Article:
Bowling Green, KY. (May 21, 2019) – Nonprofit organizations impact our world in ways you might not even think about. Nonprofits provide public and societal benefits such as health and human services, education and research, caring for the environment and animals, and providing access to arts, humanities, and religion. Nonprofits ultimately seek to improve lives, yet many are undervalued, operating on a shoestring budget while working to make our world a better place.
Nonprofits receive grants from federal, state, and local entities as well as support from foundations. However, this funding is often limited and does not include sufficient funds to cover all costs associated with a project. Grants will have a match component where the nonprofit is required to find additional funding in order to even be eligible to receive the grant.
Some funders don’t allow grants to include current staffing costs, instead only funding the cost for new staff. Other funders do not allow any overhead costs or severely limit it to 5 or 10 percent of the total grant. Grants will rarely pay for fundraising and development costs associated with identifying and applying for new funding.
One item that many donors consider when supporting nonprofit organizations is how much of their support will be used directly for services and how much will be used to support overhead. It is necessary, however, to challenge our thinking related to overhead costs for the nonprofit sector.
When you purchase groceries, do you think about how much of the cost of those groceries is used to pay for the overhead of that store? Of course not. You assume that overhead and profit are built in to the cost of the items you purchase. You know that the groceries would not be available if the store didn’t have a building or electricity or even personnel to stock the shelves, supervise the employees, and do the books.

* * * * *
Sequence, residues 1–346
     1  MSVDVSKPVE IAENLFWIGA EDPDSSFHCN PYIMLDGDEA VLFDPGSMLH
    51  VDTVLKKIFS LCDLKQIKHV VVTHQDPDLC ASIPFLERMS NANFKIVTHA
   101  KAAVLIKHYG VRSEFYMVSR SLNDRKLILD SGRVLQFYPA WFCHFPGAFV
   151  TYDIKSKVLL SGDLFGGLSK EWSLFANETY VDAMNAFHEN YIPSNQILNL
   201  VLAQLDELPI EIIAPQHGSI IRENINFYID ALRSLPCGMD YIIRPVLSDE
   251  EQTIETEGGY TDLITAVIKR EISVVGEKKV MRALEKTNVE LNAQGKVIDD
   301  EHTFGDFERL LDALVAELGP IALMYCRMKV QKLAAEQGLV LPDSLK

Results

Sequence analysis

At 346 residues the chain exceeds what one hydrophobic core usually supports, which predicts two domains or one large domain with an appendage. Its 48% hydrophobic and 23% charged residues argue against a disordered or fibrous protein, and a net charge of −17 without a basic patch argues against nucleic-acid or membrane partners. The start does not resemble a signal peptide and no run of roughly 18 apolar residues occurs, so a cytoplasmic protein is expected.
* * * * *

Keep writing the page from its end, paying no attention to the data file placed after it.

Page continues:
In a similar way, overhead is a critical cost component for nonprofit organizations. The services provided would not be possible without overhead costs, yet donors view overhead as wasteful rather than an integral part of the services provided. This negative view of nonprofit overhead likely stems from the fact that a few nonprofits have paid executives exorbitant amounts of compensation. This creates a perception that overhead is wasteful spending. The IRS has attempted to address this issue by requiring nonprofit boards to provide annual compensation reviews utilizing sector comparisons for its highly compensated employees.
The mission of nonprofit organizations is not to turn a profit but to provide valuable and vital services for the good of others. When comparing nonprofits with corporate-sector entities, pay scales in the nonprofit sector tend to be lower than comparable corporate positions, which makes attracting top talent to the nonprofit sector more challenging. Some even believe that nonprofit employees should donate the majority of their time and only receive a small stipend.
Nonprofit personnel are committed, passionate individuals who are willing to sacrifice for the good of others, and that alone merits our acknowledgement and support. Aren’t the benefits of having the smartest, most talented people working to make the world a better place worth the additional cost?
Support your favorite nonprofit today.
About the author: Bernie Bogle is the CFO for Connected Nation. Bernie, a certified CPA, ensures compliance on all grants and resource allocations, oversees finances of Connected Nation’s projects and programs, and is experienced in private, government, and nonprofit settings.
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